- In addition to the Luray Downtown Historic District, Aventine Hall, and archaeological sites, the Heiston-Strickler House, Kanawha, Luray Norfolk and Western Passenger Station, Massanutton Heights, Mount Calvary Lutheran Church, Page County Courthouse, Abram and Sallie Printz Farm, Redwell-Isabella Furnace Historic District, Ruffner House, Skyline Drive Historic District, Isaac Spitler House, Stover House, and Wall Brook Farm are listed on the National Register of Historic Places.
Page County, Virginia, or known as the Luray Valley and later Page Valley during the Civil War, is located between the majestic Blue Ridge and Massanutten Mountains on the east and west and with the ever-flowing Shenandoah River running south to north.The significance of the Page Valley as an avenue of armies through the Shenandoah Valley, to and from Gettysburg and as a prominent thoroughfare for General “Stonewall” Jackson, with its stories, is a valuable resource that must be preserved and shared. Within the boundaries of this fertile valley Confederate and Union soldiers marched and died, commanders contemplated strategies that would affect the entire Shenandoah Valley, supporters and sympathizers went about daily life at home, slaves were bought and sold, barns, mills and bridges were burned and General “Stonewall” Jackson with 38,000 troops marched through his “beloved” valley.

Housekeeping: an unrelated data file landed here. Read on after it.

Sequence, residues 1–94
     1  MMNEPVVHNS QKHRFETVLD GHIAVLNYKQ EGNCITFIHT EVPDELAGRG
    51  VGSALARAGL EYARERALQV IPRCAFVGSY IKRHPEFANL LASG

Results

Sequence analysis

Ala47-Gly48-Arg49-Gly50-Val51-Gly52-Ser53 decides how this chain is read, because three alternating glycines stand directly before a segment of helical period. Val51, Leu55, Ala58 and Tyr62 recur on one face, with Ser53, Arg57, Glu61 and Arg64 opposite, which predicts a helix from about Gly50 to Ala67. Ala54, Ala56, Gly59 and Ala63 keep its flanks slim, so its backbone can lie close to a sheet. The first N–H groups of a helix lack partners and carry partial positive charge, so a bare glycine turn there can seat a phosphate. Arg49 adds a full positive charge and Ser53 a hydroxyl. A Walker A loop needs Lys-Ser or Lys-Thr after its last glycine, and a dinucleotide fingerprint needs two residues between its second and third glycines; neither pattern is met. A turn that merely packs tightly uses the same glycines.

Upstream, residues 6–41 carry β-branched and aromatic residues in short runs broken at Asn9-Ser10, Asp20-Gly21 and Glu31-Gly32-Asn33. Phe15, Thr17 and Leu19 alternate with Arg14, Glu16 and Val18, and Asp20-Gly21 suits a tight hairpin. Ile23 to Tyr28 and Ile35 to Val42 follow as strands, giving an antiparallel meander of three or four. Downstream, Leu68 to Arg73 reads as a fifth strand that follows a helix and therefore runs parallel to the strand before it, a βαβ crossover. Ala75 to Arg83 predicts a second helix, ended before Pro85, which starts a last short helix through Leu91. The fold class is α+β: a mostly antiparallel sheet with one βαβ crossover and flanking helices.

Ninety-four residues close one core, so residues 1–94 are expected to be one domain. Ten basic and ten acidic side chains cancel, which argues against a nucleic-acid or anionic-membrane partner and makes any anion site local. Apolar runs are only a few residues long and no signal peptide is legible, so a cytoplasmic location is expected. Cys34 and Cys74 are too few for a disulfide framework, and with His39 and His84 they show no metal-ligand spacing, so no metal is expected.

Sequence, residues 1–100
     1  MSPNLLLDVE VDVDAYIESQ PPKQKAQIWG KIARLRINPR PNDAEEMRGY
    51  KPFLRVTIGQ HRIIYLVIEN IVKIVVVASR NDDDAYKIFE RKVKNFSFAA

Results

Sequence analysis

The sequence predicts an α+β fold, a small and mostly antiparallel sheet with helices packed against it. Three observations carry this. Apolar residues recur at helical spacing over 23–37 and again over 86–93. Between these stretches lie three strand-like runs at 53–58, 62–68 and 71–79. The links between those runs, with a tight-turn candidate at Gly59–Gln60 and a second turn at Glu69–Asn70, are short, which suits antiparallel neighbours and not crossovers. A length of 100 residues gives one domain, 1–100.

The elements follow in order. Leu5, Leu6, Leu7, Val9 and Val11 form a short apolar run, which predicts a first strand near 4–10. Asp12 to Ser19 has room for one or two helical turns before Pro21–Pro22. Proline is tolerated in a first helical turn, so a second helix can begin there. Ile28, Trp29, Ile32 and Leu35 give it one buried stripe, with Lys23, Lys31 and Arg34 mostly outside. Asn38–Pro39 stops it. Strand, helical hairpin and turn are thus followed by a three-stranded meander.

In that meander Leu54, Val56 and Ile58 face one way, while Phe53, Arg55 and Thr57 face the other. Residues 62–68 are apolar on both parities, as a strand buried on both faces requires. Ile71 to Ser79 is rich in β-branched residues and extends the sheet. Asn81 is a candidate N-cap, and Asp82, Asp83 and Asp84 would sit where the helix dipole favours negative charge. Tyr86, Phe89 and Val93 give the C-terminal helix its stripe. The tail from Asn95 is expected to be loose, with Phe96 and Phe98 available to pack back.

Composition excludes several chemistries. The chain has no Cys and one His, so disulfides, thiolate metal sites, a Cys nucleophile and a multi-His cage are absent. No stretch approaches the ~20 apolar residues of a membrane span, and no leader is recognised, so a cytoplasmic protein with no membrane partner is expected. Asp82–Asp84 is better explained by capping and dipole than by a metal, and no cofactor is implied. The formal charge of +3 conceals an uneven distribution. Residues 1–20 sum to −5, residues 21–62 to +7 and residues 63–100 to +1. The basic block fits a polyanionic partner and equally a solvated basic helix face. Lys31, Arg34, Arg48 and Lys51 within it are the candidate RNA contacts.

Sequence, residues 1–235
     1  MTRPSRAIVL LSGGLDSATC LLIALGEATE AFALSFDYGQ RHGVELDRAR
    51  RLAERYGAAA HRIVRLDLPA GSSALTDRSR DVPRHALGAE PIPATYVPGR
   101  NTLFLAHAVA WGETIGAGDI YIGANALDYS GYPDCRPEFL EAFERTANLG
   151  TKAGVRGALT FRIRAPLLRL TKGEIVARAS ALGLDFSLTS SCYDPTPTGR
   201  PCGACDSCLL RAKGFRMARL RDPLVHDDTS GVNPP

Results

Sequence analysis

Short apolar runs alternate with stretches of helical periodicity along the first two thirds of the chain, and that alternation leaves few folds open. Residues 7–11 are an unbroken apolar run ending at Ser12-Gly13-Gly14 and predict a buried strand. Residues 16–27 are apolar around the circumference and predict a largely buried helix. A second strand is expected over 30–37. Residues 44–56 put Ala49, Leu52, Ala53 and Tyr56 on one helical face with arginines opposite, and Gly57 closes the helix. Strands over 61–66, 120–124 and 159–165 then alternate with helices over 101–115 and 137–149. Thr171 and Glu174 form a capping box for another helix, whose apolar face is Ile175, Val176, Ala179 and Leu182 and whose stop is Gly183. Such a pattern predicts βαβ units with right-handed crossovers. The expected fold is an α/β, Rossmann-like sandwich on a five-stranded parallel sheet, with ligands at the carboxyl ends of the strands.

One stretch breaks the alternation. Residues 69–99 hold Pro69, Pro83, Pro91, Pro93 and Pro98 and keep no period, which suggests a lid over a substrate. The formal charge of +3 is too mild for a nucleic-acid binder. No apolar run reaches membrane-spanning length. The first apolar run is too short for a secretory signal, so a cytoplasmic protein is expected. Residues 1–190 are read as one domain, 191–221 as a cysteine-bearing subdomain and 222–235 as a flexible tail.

Civil War Markers Established in Page County
- White House Bridge, located west of Luray on Route 211 – Stonewall Jackson’s cavalry chief, Turner Ashby, burned this bridge on June 2, 1862, to delay Federal pursuit. The battles of Cross Keys and Port Republic were fought a week later. Civil War Trails interpretation.
- New Market / Luray Gap, Civil War Trails sign located at the gap in the Forest Service parking lot – Near here on Nov. 23, 1862, Stonewall Jackson announced to his staff that his Army of the Valley had become the official Second Corps of the Army of Northern Virginia and soon would join Robert E. Lee’s troops on the eastern side of the Blue Ridge Mountains.
- Willow Grove Mill, Civil War Trails sign located two miles south of Luray on Business 340 and Route 642 – The mill here and several other buildings in the area were burned in early October 1864 by Union troopers under Col. William Powell. The action was part of “The Burning” of the Valley ordered by Union General Philip Sheridan.
- Graves’ Chapel, “Jackson’s Last Glimpse of the Valley,” Civil War Trails sign located six miles south of Luray, take Business 340 to Route 689, then east one mile on Route 689 – In late November 1862, Stonewall Jackson led 32,000 troops across the South Fork of the Shenandoah River en route to Fishers Gap. After crossing the mountains, Jackson rejoined the main body of the Army of Northern Virginia. It was the last time the famous general saw the Valley. He died following an accidental shooting at Chancellorsville in May the next year.
- Burning of Red Bridge, Civil War Trails sign located one mile east of US 340, at Route 650 — To avoid Federal annoyance while making plans at Conrad’s Store (modern Elkton) in late April 1862, Stonewall Jackson ordered bridges over the South Fork of the Shenandoah River burned. In a semi-botched operation, Red Bridge was the only one burned. The events led to a rift between Jackson and his popular cavalryman Turner Ashby.
- Shield’s Advance and Retreat, Civil War Trails sign located south of Luray on US 340 — Union Gen. James Shields crossed Naked Creek here June 7, 1862, in pursuit of Stonewall Jackson’s army, then camped at Port Republic. After losing to Jackson two days later, Shield’s troops halted here during their retreat.